Make eating positive: In each feeding opportunity, try to create a fun atmosphere. Follow your child’s lead and pull back if they are overwhelmed.

Avoid “forcing” your child to eat and drink. Children may eat less when they feel pressure and may do better when they feel a sense of control over their eating. Give choices and include your child in the social experience of mealtime together.

Remember that feeding is a developmental skill: Just like learning how to walk or talk, feeding is a developmental process, where one skill helps support the acquisition of the next. In addition, a child’s other developmental skills will support their feeding skills. It is important to consider a child’s developmental level, more than their age, when determining what a realistic next step for feeding should be.

Children with congenital diaphragmatic hernia (CDH)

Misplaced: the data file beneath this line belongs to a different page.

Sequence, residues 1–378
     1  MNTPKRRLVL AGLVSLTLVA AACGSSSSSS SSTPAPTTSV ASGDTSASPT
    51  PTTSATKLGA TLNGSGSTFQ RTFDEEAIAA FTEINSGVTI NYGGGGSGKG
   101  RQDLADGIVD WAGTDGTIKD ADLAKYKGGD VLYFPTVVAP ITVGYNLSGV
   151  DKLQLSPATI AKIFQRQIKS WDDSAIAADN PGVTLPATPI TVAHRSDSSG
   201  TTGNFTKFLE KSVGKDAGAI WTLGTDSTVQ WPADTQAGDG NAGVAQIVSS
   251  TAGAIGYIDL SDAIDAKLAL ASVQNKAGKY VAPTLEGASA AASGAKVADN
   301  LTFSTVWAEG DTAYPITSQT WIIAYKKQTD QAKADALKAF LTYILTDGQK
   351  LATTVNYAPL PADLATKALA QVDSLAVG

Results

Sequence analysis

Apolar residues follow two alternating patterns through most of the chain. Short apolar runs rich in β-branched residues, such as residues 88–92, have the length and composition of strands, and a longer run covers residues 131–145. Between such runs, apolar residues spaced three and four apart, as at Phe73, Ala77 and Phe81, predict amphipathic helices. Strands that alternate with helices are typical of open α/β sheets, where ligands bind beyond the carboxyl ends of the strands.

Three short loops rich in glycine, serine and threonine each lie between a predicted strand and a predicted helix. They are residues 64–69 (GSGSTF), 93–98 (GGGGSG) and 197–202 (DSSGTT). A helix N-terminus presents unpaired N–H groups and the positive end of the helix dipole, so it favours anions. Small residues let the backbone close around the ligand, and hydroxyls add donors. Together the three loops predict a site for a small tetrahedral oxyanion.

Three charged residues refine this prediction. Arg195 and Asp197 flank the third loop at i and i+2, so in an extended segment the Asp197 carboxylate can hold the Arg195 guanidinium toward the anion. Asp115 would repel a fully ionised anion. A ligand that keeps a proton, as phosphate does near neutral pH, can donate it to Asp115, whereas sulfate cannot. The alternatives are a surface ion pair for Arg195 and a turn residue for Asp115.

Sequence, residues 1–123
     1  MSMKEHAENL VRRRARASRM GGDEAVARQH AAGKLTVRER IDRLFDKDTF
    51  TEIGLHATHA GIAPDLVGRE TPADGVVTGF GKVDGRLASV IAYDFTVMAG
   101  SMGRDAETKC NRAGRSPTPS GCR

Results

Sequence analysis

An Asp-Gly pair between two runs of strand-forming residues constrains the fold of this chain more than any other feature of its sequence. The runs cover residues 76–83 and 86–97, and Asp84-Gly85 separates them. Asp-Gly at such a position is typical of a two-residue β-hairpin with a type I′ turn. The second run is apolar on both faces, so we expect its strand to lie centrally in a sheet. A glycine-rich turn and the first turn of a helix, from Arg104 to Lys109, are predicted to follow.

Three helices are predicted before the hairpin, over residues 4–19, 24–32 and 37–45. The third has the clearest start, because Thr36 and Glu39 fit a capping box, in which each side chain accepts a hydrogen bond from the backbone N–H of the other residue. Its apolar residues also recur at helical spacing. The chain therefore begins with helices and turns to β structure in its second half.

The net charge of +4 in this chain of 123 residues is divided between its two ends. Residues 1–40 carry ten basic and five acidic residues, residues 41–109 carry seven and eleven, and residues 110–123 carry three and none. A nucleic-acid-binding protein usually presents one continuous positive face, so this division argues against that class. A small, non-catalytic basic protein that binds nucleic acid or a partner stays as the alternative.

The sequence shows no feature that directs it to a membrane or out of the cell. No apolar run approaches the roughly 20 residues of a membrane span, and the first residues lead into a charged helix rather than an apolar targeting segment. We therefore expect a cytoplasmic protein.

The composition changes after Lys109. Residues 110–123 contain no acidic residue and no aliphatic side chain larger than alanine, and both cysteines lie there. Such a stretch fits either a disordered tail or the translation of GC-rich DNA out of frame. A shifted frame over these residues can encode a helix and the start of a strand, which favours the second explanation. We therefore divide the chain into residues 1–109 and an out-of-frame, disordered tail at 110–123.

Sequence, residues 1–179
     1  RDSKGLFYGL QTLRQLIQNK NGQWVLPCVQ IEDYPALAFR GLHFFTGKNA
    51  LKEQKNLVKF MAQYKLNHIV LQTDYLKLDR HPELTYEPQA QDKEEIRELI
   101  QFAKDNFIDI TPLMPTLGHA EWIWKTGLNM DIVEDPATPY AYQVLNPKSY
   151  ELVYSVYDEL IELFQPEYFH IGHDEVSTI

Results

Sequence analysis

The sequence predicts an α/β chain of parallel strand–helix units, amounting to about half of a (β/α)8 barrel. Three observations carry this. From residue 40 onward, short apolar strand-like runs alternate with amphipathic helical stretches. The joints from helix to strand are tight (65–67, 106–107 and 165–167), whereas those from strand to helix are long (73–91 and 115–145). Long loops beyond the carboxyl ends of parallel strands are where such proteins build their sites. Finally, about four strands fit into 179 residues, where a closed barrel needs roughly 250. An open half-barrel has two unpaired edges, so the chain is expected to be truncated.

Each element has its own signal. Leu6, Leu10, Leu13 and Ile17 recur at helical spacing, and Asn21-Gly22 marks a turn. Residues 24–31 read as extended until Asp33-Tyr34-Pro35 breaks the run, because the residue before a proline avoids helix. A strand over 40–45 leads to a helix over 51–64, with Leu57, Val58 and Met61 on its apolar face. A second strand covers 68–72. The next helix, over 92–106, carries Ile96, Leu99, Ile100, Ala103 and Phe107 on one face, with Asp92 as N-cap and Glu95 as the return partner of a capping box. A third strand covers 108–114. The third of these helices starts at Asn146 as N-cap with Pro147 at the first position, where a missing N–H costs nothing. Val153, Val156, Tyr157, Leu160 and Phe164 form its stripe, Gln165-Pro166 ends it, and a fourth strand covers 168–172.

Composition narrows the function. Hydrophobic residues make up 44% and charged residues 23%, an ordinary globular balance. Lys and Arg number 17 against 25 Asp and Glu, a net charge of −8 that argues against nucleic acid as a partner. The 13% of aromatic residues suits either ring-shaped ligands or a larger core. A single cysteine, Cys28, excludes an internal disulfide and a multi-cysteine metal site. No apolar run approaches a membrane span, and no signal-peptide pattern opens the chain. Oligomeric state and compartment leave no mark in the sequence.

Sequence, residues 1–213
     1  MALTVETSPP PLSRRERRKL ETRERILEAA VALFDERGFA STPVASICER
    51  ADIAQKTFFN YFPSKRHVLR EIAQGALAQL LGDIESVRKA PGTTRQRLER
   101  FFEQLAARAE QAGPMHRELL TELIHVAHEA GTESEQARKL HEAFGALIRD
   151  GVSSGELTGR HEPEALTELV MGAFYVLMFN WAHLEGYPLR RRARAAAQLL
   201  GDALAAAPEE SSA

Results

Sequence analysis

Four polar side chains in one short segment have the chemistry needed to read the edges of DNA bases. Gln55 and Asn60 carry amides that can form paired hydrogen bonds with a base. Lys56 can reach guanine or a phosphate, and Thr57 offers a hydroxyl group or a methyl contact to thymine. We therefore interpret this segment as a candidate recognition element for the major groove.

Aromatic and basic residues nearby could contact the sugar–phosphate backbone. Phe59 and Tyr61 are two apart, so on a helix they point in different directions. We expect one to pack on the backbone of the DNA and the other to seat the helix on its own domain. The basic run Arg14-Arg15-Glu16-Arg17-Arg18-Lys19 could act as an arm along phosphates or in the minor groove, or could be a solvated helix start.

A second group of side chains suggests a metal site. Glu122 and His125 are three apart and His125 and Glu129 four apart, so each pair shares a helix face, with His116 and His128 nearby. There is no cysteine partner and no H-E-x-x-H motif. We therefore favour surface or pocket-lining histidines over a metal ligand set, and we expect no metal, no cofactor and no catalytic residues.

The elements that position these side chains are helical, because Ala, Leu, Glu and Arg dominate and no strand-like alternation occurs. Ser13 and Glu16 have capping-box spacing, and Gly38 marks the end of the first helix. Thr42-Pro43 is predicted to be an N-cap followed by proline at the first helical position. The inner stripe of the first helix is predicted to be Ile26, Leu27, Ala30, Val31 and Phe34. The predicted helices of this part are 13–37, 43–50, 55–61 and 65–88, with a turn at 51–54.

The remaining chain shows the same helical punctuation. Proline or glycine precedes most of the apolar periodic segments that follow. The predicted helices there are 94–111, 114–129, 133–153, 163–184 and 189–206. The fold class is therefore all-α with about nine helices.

Infants with CDH are at an increased risk for feeding difficulties due to associated medical conditions. These include:

  • Increased calorie needs related to pulmonary hypoplasia and weaning respiratory support

  • Pulmonary hypertension

  • Increased incidence of gastroesophageal reflux disease (GERD) and dysmotility

  • Increased risk for developmental delays

These issues can make feeding difficult and even unpleasant for children. Oral aversion, or difficulty tolerating anything in the mouth, can be common due to medical interventions during the NICU stay (like intubation). The presence of GERD and dysmotility can contribute to oral aversions. Many infants and children with CDH require the use of a feeding tube to achieve normal growth and development.

Therapy resources

Click on the hyperlink to access each facility’s main page. Search “feeding” to find provider location and contact information. Note that in most facilities, pediatric feeding services reside within the department of speech language pathology, or the department of pediatric rehab.

Pennsylvania

New Jersey

Delaware

Maryland

Washington D.C Metro Area

New York

Additional resources

Created by CHOP Speech Therapy department for the Congenital Diaphragmatic Hernia team, updated August 2023. Provider’s location, availability, and contact information may change over time.

 

Reviewed August 2023, Sandra Galbally, MS, CCC/SLP